This is a feature-rich extension that gives you some more options for how your Tumblr dashboard appears and operates.

13. Fabulous

A neat Facebook extension which lets you change the color scheme, block ads, style fonts, and create custom UI elements like a photo pane at the wright and a sticky pad.

14. Magic Actions for YouTube

This extension lets you run YouTube in night mode (with black background) and adds some extra controls such as volume adjustment via trackpad gestures.

15. Google Translate

Translates the entire current page.

-The ScreenGrab Team

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10 Basic Chrome OS “Apps” to Get You Started

Chrome OS has come on big in 2013, thanks to the proliferation of cheap but reliable machines from Samsung and Acer, as well as the meaningless (for now) glitz of the Chromebook Pixel. While some people may easily embrace Chrome OS’s continuous, Web-based model of computing, others may balk at a platform that has no native apps except for a browser and file manager.

Fortunately, Chrome OS still gives us the illusion of having discrete apps that can be docked and clicked to open their own webpages. Here’s a list of some easy-to-use apps to get started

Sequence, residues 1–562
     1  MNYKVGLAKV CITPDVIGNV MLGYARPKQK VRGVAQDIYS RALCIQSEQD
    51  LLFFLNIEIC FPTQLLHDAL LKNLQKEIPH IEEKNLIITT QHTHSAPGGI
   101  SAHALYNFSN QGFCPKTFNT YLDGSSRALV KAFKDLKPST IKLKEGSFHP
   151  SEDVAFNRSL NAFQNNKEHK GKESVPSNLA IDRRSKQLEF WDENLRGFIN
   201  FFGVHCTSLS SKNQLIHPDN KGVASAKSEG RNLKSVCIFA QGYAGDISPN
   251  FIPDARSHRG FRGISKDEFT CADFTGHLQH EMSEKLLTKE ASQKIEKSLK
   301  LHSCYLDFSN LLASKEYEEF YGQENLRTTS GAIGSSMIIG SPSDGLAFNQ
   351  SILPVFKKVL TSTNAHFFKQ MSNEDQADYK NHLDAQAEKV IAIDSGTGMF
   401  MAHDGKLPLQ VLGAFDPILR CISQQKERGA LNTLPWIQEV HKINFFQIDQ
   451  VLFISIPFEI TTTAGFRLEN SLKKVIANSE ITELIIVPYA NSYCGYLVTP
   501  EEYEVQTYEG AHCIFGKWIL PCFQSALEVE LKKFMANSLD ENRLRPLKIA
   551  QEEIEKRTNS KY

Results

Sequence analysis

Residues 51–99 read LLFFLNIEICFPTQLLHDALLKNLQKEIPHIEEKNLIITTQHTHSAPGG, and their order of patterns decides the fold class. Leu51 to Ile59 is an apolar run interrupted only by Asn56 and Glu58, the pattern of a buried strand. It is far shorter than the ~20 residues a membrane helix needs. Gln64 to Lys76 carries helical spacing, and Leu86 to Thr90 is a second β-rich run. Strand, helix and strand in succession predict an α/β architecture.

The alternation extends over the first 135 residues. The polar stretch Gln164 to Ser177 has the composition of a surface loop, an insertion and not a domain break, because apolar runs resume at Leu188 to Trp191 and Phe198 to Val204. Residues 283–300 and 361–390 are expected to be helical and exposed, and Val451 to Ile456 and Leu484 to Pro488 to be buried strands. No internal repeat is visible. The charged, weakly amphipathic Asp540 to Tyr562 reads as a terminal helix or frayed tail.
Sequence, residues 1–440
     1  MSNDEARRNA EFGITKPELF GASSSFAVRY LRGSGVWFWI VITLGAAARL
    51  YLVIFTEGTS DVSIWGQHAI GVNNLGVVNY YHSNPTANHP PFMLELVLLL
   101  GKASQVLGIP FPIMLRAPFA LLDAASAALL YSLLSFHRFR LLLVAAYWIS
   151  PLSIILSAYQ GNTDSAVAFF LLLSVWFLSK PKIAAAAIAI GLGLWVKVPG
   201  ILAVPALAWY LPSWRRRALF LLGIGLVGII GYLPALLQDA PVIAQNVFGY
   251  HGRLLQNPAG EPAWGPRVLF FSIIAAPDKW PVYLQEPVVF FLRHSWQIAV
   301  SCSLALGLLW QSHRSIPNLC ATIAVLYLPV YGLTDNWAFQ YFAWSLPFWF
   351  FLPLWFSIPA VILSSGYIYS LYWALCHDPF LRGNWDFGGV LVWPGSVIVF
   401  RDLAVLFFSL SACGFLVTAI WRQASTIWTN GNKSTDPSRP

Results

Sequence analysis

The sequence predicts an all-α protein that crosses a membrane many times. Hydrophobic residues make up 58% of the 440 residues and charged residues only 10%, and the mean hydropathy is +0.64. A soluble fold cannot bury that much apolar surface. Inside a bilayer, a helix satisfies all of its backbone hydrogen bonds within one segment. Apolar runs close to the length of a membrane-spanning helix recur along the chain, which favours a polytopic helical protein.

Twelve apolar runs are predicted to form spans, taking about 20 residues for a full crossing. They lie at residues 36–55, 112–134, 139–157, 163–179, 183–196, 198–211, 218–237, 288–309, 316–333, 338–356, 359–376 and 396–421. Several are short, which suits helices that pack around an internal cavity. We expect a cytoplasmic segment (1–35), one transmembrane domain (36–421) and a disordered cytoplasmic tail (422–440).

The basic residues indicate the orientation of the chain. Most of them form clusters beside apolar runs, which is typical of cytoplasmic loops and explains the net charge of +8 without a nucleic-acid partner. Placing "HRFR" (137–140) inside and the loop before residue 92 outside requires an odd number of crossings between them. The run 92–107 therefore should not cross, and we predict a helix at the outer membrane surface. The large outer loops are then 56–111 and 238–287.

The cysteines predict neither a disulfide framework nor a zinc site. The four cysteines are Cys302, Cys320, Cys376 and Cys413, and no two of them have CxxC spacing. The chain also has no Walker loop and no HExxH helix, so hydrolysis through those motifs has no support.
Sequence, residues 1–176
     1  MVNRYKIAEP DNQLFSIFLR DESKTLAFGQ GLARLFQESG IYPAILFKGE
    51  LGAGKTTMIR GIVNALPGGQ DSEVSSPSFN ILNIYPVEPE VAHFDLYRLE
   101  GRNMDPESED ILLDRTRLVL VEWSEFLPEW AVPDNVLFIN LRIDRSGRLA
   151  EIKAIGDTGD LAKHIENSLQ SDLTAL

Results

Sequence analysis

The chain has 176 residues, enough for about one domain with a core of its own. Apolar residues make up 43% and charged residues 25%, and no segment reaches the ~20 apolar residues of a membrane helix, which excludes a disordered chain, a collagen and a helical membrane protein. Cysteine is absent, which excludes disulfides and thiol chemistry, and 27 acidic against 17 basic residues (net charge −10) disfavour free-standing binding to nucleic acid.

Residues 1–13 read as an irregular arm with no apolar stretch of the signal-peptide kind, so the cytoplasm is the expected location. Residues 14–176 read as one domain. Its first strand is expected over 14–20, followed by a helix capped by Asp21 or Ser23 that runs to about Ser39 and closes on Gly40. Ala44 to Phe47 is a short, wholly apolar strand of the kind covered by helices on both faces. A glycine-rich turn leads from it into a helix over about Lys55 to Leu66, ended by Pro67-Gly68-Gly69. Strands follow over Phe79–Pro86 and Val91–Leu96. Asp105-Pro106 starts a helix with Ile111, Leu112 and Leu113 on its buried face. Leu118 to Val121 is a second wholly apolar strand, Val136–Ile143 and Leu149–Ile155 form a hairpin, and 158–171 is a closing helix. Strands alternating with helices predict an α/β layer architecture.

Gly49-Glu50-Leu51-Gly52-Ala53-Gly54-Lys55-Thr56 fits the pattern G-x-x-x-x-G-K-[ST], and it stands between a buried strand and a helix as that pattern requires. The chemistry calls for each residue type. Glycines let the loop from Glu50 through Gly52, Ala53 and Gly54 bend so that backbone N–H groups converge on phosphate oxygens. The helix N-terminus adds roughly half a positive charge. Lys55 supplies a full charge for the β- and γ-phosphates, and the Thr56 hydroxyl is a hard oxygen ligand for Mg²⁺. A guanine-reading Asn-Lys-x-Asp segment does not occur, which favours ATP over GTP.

Evernote

Recent hacks aside, Evernote is a reliable tool for storing or creating just about any type of content (text, photos, quotes, videos, screenshots). The Web-based version is fast and lightweight but still highly functional, making it a great counterpart to the native Evernote apps elsewhere.

New York Times

This “app” takes you the Chrome-optimized version of the NYT sight, which is far less-cluttered than its standard page. It also supports Chrome OS’s desktop notification system, which is handy for keeping track of breaking news.

Gmail Offline

Gmail can sometimes be slow, an issue further compounded by limited resources on many Chromebook models. Gmail Offline solves two main issues for Chromebooks: it lets you manage your email more quickly, and it gives your device some real (and rare) offline functionality.

NPR Infinite Player

Infinite, free, customizable listening to NPR stations.

PicMonkey

I’ve actually gotten GIMP to run (albeit painfully slowly) on my ARM Chromebook, but this is a solution much more suited to Chrome OS’s style. It allows for some light photo editing and sharing, with the option to upgrade for more sophisticated features. It also has a handy extension for detecting, capturing and editing images on the current page.

Google Play Music

This one actually comes bundled with Chrome OS. Its Web app is one of the easiest ways to listen to music online, and a must-have in lieu of a fully functional Spotify Web app. You can listen to any of the songs stored in your Google Play Music locker, or songs purchased from the Google Play Store.